Optimize for Survival

Although we often glorify risk taking as a general principle, optimal outcomes are the result of pushing the limits only within a threshold of which you can survive. To assume a position completely void of optionality is to paint yourself into a corner and given enough time will result in catastrophic loss or death. You Can’t Know Try as we might, humans have thus far failed to prove an ability to predict the future. Sure we can make decent guesses in certain domains and that ability has increased in the age of data science, but to date even our best predictive models are akin to child’s play when you take a hard look backwards in time. If you don’t believe me, write down your local weather forecast for the next ten days, record the actual weather each day, and compare the two afterwards. We’ve been trying to predict the weather for the entirety of recorded human history and we can’t even get that right a lot of the time.  As it turns out, the more rare the occurrence of an eve

Mitigating Financial Risk: Practical Steps to Guard Against Economic Uncertainty

Worried about what the future of the economy looks like? Me too. We live in a world where both disease and panic can spread faster than ever before. So what do you do when the majority of economic activity comes to a screeching halt? Here are some practical strategies you can implement immediately that (I think) will help mitigate the financial risk related to uncertainty in the current economic environment.  *Disclaimer: I am not a financial advisor, these are simply my own opinions which reflect the actions I am personally taking. Please consult with a licensed financial advisor for specific advice related to your situation. Prepare an Emergency Fund Hopefully you already have a dedicated savings account for emergencies, but if not, now is definitely the time to create one and put any extra money you can save into it. Experts recommend having enough to cover at least three months of expenses and ideally twelve. Personally I like Ally Bank’s High Interest Online Savings Account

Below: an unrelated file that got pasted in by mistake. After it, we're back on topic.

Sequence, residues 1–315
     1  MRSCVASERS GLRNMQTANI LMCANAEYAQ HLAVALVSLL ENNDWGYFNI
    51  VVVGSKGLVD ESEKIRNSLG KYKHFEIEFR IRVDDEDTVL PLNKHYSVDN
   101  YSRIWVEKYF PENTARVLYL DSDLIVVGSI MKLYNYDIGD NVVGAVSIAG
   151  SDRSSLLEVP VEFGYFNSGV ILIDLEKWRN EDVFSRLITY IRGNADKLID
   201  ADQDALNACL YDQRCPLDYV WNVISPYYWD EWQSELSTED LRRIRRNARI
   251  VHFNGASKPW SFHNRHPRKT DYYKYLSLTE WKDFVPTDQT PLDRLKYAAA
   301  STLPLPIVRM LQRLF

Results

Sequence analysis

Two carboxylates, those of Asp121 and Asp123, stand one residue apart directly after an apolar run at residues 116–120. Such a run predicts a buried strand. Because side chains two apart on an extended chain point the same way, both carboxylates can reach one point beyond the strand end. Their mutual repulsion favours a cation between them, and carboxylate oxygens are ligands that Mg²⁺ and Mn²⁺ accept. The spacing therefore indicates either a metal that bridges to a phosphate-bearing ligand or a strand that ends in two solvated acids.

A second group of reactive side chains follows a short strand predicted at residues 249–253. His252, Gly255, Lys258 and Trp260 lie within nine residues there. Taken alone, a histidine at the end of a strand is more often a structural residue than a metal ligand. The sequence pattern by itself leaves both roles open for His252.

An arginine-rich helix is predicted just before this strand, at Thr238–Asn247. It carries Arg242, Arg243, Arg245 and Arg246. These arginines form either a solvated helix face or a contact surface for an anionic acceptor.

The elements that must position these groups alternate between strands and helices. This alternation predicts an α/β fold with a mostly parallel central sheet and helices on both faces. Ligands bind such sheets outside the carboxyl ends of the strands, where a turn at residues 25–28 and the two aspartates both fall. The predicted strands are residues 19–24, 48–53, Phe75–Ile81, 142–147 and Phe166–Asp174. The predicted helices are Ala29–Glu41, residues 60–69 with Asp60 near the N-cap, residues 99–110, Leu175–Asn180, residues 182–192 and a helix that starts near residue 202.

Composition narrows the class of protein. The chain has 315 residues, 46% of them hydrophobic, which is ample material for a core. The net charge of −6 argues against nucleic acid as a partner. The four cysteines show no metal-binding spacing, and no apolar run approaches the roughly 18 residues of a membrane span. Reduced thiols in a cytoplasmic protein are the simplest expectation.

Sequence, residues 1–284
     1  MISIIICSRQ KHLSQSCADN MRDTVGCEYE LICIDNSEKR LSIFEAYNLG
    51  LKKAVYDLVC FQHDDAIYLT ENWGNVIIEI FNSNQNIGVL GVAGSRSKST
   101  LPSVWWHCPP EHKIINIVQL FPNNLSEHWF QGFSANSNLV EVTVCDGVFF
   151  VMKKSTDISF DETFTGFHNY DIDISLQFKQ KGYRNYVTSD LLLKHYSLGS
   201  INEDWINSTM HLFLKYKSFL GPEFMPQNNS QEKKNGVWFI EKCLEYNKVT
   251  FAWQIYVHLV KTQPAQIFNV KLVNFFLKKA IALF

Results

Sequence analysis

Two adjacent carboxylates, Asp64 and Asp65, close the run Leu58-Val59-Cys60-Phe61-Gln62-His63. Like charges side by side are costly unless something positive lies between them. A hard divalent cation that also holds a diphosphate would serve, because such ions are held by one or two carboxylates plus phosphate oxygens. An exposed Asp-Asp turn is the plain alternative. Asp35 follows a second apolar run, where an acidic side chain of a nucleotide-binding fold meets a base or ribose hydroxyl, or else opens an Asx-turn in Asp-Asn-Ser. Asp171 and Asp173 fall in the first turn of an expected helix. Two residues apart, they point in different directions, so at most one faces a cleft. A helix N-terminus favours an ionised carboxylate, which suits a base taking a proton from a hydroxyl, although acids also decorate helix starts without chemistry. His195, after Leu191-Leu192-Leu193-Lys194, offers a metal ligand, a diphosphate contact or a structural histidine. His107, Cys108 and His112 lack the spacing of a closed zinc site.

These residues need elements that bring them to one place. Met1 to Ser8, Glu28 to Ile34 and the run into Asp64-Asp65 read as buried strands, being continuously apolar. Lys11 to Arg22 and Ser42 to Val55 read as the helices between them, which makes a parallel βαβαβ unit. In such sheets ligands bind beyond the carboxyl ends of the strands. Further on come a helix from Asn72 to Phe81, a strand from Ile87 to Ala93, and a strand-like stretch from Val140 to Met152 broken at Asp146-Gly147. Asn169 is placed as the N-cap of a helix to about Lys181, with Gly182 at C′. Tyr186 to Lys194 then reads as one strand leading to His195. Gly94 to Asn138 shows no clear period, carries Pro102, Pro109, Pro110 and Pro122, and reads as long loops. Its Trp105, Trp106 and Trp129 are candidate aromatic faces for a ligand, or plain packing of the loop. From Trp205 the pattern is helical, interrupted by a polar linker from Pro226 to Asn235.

AGILE Product Development Adapted for Business Transformation Projects

In agile product management, the primary focus is on iterating quickly in order to provide incremental value through product enhancements. This is based on the assumption that it is difficult to know if an idea will actually provide increased value, so it is best to try something, measure the results, and adjust accordingly in quick succession. This method was developed as an alternative to the "waterfall" approach in which groups often failed trying to solve for everything at once since it is difficult to understand the full scope of any problem from the onset (i.e. you don't know what you don't know). Within the software world, this often manifests itself in practices aimed at delivering incremental functionality as quickly as possible, where teams are evaluated on velocity above all else. In many domains, that works incredibly well. However, there is a nuance which I feel is too often overlooked in that business automation software, particularly that which support

The Truth is There is no Truth